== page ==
A win would also set the Badgers up nicely for an undefeated regular season and a legitimate chance for the Playoff. Much has been made about the relative ease of the Badgers' schedule until a potential Big Ten title game, and rightly so. The biggest challenges along the way would be road games at Nebraska and Minnesota and (maybe) home games against Iowa and Northwestern; in other words, nothing truly daunting.
We can bet the players are tired of hearing about how great their opponent is while they grow weary of hitting just each other in practice. Some of the inexperienced ones might get overawed, which can be forgiven under these bright lights, but don't for a minute believe that will happen with veterans like Corey Clement, Michael Caputo, Vince Biegel, Joe Schobert, Tanner McEvoy, and Joel Stave. They will be ready to play in this one.
Both Chryst and Dave Aranda carry wholly justified reputations as creative tacticians; fans and media are correct to think that they'll find ways to maximize the relative strengths of this team and minimize (er, cover up, ameliorate) its relative weaknesses, which happen to outnumber the strengths. The question will be whether the personnel can execute at the top of their individual games; Alabama's superior talent will be difficult to overcome, but planning, scheming, and motivation should not be.
For my part, if this game were to be played 10 times, Wisconsin wins two or three of them; Alabama simply has more size, speed, and ability on its roster. As far as particular units matching up, Alabama's defensive front has an imposing advantage over the Badgers' reconstituted offensive line, and the middle of Wisconsin's defense, unproven at the nose tackle and linebacker positions, will be sternly and severely tested by Alabama's top-notch running attack.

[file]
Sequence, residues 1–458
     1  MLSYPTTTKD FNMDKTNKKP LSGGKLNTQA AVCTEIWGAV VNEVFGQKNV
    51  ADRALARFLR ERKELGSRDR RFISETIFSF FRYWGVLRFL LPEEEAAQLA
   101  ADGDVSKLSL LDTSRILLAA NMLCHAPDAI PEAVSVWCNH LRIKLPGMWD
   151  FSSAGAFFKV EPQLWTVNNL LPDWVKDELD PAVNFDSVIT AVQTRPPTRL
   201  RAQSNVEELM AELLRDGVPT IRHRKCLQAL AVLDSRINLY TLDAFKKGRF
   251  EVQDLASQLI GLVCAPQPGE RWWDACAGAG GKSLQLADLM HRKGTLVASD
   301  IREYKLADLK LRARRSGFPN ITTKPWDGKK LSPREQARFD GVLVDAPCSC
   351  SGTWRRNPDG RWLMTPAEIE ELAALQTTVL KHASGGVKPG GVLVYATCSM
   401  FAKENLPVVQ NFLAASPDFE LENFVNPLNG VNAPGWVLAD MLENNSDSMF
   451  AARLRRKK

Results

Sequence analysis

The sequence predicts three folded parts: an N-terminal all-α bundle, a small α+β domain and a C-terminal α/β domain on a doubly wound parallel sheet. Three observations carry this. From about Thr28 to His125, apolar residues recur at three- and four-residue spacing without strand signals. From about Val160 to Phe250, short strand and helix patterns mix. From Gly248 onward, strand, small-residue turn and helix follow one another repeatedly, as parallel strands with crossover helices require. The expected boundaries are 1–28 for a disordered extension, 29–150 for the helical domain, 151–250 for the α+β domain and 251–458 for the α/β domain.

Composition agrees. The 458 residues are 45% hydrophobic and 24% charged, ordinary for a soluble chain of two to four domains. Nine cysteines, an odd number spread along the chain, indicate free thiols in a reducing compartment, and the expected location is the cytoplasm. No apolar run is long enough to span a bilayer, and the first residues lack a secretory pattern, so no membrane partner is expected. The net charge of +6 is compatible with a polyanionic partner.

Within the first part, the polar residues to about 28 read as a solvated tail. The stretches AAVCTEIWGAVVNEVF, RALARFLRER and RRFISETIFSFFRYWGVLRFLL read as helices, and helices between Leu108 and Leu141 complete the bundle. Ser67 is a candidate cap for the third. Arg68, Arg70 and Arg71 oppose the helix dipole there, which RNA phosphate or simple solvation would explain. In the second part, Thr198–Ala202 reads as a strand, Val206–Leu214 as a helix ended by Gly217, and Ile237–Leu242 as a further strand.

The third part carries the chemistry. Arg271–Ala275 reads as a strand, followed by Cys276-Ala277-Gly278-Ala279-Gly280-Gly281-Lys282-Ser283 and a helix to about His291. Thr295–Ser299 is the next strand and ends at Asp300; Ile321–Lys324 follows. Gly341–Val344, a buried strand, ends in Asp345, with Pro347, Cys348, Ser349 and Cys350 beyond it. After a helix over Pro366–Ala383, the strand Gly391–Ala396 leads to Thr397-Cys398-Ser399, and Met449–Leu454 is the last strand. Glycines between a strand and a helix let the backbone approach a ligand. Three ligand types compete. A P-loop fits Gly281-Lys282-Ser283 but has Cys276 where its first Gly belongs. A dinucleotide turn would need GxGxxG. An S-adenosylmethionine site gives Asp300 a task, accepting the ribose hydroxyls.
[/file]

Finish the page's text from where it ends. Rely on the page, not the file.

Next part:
If the Badgers are to keep the game close and pull out a win, it will be on their passing game -- Stave and his receiving targets catching his passes -- to loosen up running lanes for Clement and whoever will spell him at running back. Wisconsin's defense will have to be creative in getting to an Alabama quarterback that, whoever it is, will be starting (or even playing) his first game; a consistent and effective pass rush, in turn, should help the Badgers' secondary and linebackers force turnovers. Finally, if the defense can in fact force turnovers, they must result in scores, preferably six points each time.
The Badgers definitely have a shot Saturday, but it will take a confluence of smart, sound, tough, and effective play with a little bit of luck to get a win. If this group can play to its potential and force the Tide into some mistakes, the opportunity is there to make a major statement, and not just one for 2015, -- but frankly, one that will resonate for years to come.
In order for this to be one of the two or three of 10,, the passing game will need to be sufficiently effective so that running lanes can open. This assumes the reconstituted Badger offensive line can be close to adequate in my pick for this game is that the Tide wins, but the Badgers will cover the 10 points given to them by professional handicappers (who make prognostication their business). As an underdog, though, the Badgers are expected to lose the game.